Last month the Harwood Unified Union School District (HUUSD) Board lost board member Jacqueline Kelleher, Waterbury, over its inability or refusal to provide a Chromebook or other digital device for her to conduct board work.
Board chair Kristin Rodgers, Moretown, acknowledged that the issue of providing board members with digital devices had not come up in the past, but is something the board may now need to consider.
That prompted The Valley Reporter to query other Vermont school districts about the question of providing board members with devices for board work. The list of school districts in Vermont is extensive and the methodology used for surveying districts was neither comprehensive nor scientific. Staff called and emailed 12 to 14 school districts and received responses from a handful.
At the Addison Northwest School District, Chromebooks are offered to board members to support their board work, per board chair John Stroup. Meghan Baule, director of communications for the Colchester School District, said that her district does provide Chromebooks or iPads to board members as needed.
Lamoille North Supervisory Union does provide digital devices to board members as needed according to Brian Pena, director of information technology.
At the White River Valley Supervisory Union, technical director Raymond Ballou reported that the district does provide digital devices to its board members as needed. District board chair Andrew Jones said the district does not have a policy related to conducting board work on personal devices. Board members may request a device from the supervisory union if they would like one. He said board members are supposed to use the email addresses provided by the supervisory union for board communications, but there aren't any limitations for what devices to use.
The only no response from the responses received came from the Windham Southeast Supervisory Union.
The Valley Reporter also reached out to Sue Ceglowski, executive director of the Vermont School Boards Association, who said she was aware that the issue had come up at HUUSD. She said her organization did not currently have a policy for, but that she would be discussing with her board.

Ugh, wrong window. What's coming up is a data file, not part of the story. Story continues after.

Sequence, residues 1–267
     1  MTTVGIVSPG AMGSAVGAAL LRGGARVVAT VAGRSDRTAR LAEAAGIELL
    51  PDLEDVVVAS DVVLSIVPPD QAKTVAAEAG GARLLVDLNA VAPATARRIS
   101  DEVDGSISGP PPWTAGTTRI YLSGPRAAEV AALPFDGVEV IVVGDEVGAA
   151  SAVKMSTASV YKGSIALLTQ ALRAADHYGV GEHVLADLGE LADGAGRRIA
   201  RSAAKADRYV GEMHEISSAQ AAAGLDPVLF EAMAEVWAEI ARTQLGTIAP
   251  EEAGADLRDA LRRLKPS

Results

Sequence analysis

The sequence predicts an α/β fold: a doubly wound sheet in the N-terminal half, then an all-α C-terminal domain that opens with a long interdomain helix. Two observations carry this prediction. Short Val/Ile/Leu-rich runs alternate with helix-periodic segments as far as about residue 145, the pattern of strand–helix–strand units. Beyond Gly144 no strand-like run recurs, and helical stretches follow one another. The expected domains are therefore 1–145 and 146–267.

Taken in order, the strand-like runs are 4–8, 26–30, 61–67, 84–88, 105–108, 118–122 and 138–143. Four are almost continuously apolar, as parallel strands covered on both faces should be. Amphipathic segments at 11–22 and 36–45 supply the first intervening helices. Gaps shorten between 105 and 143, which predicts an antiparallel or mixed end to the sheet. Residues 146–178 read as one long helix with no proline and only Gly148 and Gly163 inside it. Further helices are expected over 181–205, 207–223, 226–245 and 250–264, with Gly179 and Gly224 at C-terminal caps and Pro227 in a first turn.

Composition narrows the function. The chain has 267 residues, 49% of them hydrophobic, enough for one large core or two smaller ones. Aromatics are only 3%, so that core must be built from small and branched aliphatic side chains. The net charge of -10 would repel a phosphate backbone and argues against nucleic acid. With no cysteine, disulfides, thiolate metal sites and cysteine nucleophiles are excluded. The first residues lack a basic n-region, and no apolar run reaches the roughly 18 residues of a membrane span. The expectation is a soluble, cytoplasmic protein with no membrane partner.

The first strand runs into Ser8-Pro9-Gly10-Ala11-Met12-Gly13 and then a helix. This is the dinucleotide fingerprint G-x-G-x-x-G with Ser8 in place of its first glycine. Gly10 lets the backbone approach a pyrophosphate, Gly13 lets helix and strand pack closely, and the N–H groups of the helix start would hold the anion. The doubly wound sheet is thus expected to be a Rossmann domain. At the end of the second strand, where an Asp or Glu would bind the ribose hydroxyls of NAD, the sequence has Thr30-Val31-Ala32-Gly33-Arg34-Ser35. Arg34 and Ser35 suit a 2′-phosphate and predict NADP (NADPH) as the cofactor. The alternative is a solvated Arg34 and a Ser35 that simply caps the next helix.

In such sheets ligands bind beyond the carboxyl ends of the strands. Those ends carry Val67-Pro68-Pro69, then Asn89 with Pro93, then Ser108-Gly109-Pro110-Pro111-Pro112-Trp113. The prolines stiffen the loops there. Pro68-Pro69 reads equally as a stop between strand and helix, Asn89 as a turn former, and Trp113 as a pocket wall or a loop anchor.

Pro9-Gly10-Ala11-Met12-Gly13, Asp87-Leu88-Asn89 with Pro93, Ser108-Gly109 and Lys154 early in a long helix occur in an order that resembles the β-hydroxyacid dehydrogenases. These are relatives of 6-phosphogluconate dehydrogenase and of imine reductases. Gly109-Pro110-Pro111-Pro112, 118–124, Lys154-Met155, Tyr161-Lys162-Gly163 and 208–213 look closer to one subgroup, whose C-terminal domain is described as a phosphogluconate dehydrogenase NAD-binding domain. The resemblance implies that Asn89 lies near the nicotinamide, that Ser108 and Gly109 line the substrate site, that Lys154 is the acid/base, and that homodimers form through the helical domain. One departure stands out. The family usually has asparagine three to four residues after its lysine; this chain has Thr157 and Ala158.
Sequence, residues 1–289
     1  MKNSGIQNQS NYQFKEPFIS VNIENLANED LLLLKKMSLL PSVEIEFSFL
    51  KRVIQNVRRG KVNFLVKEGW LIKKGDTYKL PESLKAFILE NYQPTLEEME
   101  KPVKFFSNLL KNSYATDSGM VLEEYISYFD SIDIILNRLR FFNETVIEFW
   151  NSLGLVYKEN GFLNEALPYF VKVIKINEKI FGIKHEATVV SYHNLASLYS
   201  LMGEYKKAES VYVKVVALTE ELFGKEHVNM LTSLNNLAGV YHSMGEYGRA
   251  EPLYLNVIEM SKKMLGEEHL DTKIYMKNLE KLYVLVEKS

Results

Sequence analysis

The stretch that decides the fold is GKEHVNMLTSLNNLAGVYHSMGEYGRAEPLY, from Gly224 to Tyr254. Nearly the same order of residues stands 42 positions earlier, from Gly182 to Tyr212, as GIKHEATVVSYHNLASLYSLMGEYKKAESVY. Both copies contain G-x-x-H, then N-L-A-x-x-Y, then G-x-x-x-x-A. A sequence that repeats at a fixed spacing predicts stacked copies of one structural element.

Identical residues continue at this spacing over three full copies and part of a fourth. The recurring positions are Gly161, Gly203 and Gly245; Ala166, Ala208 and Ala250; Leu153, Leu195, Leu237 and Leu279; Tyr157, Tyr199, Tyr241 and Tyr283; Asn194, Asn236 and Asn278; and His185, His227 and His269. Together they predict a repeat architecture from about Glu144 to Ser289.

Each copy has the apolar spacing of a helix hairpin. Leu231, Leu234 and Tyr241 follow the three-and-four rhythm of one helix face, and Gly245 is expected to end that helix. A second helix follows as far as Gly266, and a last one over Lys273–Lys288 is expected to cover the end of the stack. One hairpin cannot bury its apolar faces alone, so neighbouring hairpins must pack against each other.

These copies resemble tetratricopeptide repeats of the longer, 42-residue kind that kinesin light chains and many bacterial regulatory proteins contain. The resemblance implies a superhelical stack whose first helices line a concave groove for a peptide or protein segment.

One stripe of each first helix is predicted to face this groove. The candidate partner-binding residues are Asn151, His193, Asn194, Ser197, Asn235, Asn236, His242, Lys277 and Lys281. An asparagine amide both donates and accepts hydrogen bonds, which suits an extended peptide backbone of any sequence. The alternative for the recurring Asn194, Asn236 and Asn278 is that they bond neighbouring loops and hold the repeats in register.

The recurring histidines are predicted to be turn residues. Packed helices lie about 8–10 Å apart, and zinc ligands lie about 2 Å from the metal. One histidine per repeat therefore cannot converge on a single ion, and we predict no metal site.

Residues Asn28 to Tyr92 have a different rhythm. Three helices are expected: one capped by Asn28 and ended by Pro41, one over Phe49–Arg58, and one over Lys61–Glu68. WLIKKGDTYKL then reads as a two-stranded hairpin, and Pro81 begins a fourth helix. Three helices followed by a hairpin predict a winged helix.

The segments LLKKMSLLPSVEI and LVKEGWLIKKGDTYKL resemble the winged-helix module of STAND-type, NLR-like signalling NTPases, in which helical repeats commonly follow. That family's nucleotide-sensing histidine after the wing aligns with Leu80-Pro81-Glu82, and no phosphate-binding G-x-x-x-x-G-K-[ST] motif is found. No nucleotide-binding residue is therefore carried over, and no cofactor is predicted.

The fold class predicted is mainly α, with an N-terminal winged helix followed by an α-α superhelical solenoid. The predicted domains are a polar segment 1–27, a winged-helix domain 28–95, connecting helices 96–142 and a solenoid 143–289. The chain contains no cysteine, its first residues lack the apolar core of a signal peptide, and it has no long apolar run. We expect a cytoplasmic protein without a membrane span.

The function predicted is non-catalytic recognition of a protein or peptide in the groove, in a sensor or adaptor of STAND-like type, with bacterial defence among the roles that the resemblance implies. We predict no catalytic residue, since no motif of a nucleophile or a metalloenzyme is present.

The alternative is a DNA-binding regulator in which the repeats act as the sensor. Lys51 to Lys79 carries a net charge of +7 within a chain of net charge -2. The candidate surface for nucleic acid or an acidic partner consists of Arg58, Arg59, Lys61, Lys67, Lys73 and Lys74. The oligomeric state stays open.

HUUSD Superintendent Brigid Nease was asked about how the district manages its Chromebook and iPad supplies and how/when they are disposed of or recycled.
“I do know that the district needs to get rid of unusable and broken computers and other technology from all seven campuses and the central office in an approved waste manner. Students are all 1-1 plus staff, so we manage approximately 1,850 devices annually,” Nease explained.
Every year we have a disposal plan required by our practices. Chromebooks can stay in operation for approximately five years. After that, the warranties expire and the machines are not supported; it is more cost effective to cycle in new ones. We had approximately 513 Chromebooks picked up by CVSWD last summer. No ARPA funds were used to purchase any more computers. Our ARP ESSER plan is publicly available on our website. ARP or ESSER funds were not used to purchase any hardware for our district,” she added.
Nease said that only students and district employees are provided devices. They are not issued to contracted providers, such as outside behavior interventionists, etc. The district uses Chromebooks, HP, Macs and some other tools depending on what the individual role of the employee is, what they need to do and what software needs to be run on the machine.
“They all vary in price. The student Chromebooks cost approximately $400-$500 and the regular adult $600-$700. The pandemic has created a major issue for supply and demand and our devices are no exception. We regularly received partial orders and had trouble getting some orders filled,” Nease noted.